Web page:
If Name, Image and Likeness wasn’t already the No. 1 topic in college football before Nick Saban and Jimbo Fisher’s epic clash on the subject in recent weeks, it certainly is now.
Saban, head coach of college football’s juggernaut Alabama, took on Texas A&M’s Fisher, a former assistant of his at LSU from 2000-04, suggesting that the Aggies “bought every member” of its consensus No. 1 recruiting class last year. Fisher offered an intense rebuttal, calling Saban a “narcissist” and pleading with reporters to look into his “despicable” past as a head coach.
Naturally, every coach in the country has been asked about the spat between two of the SEC’s most reputable head coaches.
“I think that’s worthy of a subscription or a viewership,” Florida’s Billy Napier, a former Saban assistant at Alabama, said on Thursday before offering his respect.
“No, both are very accomplished. Both are passionate. Both are competitive. I think that it is what it is. We’ll leave that between them. I certainly don’t want to get in the middle of that conversation.”
Some coaches aren’t as politically correct, though.
Ole Miss head coach Lane Kiffin recently told Sports Illustrated that NIL is the driving force in high school recruiting, even claiming that 100 percent of college decisions are being made based on the highest guarantee money.
Napier doesn’t see it that way entirely but shared similar, honest sentiments on the subject.
“I think that NIL is a portion of the decision, right?” Napier pondered. “I think a lot of times when you really dig into why is the player leaving where he’s at, you know, there are other factors, right? I think it’s, all these situations are case by case. You’ve got to evaluate each situation independent of all the others.”
The issue with NIL’s influence on recruiting? As a result of the NCAA seemingly struggling to monitor “pay for play” compliance with the idea that program boosters are involved in collective-driven NIL approaches in mind, the rules are being broken.
Recruits aren’t supposed to have compensation offers before they sign with a school; players at another program shouldn’t have similar offers tempting them to enter the transfer portal.
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Is that happening as universally as Kiffin suggests? Napier wouldn’t go that far — he made it clear that the Gators aren’t taking part in tampering — but he sees some truth in what Kiffin had to say.
“I think there is some of that,” Napier suggested. “Obviously, we don’t operate that way if that makes sense.”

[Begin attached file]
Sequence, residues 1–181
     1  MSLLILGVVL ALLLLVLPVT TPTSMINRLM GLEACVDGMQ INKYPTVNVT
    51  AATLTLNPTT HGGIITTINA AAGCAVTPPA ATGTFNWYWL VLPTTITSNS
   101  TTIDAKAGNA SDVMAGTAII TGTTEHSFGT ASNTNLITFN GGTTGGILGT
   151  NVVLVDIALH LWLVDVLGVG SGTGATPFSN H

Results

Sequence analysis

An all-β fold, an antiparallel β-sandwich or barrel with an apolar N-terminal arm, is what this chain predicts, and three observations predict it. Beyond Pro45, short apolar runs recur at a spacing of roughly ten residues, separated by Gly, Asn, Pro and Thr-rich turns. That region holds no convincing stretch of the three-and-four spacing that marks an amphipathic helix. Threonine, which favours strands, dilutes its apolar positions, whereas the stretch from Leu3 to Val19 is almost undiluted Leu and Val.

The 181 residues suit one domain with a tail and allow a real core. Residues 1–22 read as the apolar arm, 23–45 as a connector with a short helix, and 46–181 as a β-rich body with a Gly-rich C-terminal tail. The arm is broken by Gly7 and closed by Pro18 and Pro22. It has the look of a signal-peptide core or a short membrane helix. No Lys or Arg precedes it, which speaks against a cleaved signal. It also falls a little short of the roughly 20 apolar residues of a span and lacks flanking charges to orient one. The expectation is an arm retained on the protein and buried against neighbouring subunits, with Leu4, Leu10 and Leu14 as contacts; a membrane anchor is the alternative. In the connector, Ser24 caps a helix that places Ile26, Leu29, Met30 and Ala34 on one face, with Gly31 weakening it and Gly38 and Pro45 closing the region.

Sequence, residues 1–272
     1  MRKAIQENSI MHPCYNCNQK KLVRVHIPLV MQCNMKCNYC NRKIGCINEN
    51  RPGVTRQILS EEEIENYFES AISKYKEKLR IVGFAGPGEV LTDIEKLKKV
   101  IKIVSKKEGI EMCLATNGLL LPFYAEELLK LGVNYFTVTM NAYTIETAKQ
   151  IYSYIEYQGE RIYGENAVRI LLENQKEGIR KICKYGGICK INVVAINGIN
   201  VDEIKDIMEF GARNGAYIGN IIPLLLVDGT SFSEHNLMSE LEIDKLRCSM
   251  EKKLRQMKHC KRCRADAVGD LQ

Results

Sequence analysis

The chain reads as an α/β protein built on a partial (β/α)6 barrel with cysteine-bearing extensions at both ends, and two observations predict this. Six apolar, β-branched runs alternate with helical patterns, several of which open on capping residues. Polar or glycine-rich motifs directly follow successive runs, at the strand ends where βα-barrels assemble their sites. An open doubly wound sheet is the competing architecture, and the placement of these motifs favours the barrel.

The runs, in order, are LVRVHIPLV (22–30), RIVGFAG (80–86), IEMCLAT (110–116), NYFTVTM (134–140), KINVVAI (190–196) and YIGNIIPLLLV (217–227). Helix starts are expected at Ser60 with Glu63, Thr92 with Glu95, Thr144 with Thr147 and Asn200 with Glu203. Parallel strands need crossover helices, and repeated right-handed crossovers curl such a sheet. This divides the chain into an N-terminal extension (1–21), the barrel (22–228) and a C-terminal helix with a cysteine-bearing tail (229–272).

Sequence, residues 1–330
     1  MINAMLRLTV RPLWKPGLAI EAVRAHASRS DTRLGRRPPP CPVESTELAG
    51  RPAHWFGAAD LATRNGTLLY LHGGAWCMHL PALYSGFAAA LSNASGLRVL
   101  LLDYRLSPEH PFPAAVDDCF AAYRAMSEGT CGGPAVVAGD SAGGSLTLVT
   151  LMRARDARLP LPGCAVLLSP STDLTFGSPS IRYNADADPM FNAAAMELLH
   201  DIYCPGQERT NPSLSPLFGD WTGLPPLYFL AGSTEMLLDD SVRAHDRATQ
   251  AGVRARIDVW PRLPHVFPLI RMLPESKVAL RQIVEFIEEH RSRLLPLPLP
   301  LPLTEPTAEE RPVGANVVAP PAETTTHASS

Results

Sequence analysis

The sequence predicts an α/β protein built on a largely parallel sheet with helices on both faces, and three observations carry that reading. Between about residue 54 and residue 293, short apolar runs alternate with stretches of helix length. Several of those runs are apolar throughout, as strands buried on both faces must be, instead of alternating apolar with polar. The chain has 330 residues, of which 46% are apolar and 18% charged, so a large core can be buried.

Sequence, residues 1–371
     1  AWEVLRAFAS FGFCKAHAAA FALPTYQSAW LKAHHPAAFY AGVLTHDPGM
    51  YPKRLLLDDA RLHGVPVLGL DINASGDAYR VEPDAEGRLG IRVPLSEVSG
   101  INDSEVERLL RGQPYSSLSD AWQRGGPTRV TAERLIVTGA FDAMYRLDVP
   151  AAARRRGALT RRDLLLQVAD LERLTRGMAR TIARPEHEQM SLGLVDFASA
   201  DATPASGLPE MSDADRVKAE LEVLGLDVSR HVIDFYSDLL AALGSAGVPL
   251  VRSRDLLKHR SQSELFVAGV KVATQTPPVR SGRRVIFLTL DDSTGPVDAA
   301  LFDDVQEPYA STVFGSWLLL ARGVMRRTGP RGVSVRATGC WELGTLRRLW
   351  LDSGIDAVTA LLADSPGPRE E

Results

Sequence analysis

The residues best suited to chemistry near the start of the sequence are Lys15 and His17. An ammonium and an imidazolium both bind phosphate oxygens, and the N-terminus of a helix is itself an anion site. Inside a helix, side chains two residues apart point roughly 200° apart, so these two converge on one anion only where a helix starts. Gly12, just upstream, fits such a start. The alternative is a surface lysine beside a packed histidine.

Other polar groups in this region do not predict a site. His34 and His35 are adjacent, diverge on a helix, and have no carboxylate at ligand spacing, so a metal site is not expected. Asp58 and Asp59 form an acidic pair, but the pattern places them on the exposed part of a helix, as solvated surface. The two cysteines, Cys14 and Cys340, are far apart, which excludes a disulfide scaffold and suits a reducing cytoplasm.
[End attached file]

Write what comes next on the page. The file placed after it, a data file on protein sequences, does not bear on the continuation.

But how can programs operate without using NIL to entice recruits and avoid falling behind in the pursuit of championships, given the number of programs that, allegedly, do tamper? There isn’t an easy answer, simply because at this time there are, essentially, no limits on what the big spenders can do.
“There’s no manual for this in college football,” Napier explained. “I’ve been studying the National Football League, because I think there are some things to learn. Now, every player on our team that hasn’t transferred before is a free agent every year, truth be known.
“That’s the one thing that we lack that the National Football League has, right? There is free agency, but there is no salary cap and there is no contractual obligation. So there are things that we can learn from the NFL, but there are a lot of things that don’t apply as well.”
Similar to the NFL, Napier believes there is wisdom in players utilizing representation to navigate the murky NIL waters as pro players do in free agency.
However, there are rules against schools influencing and/or restricting player representation, which can make roster balance and attrition much harder to balance if players have third parties in their ears with opportunities for greener pastures.
“I think that going forward, the third party, there’s a lot of gray area here relative to representation, what I can say, what I can’t say, what the third party can do, what they can’t do,” Napier said. “Right now we’re living in a land with no laws, if that makes sense.”
Ultimately, coaches and programs are left to educate themselves on the NIL market and devise strategies to recruit players without dollar signs — unless, that is, they decide to tamper amid the lawlessness.
But at Florida, compensation will take care of itself for a prospect that elects to join the Gators, Napier believes.
“I continue to believe that as every day goes by and the more that we are boots on the ground as we get out and we get to know people,” Napier remarked, “NIL is gonna be a slam dunk for the Florida Gators, the University of Florida.”
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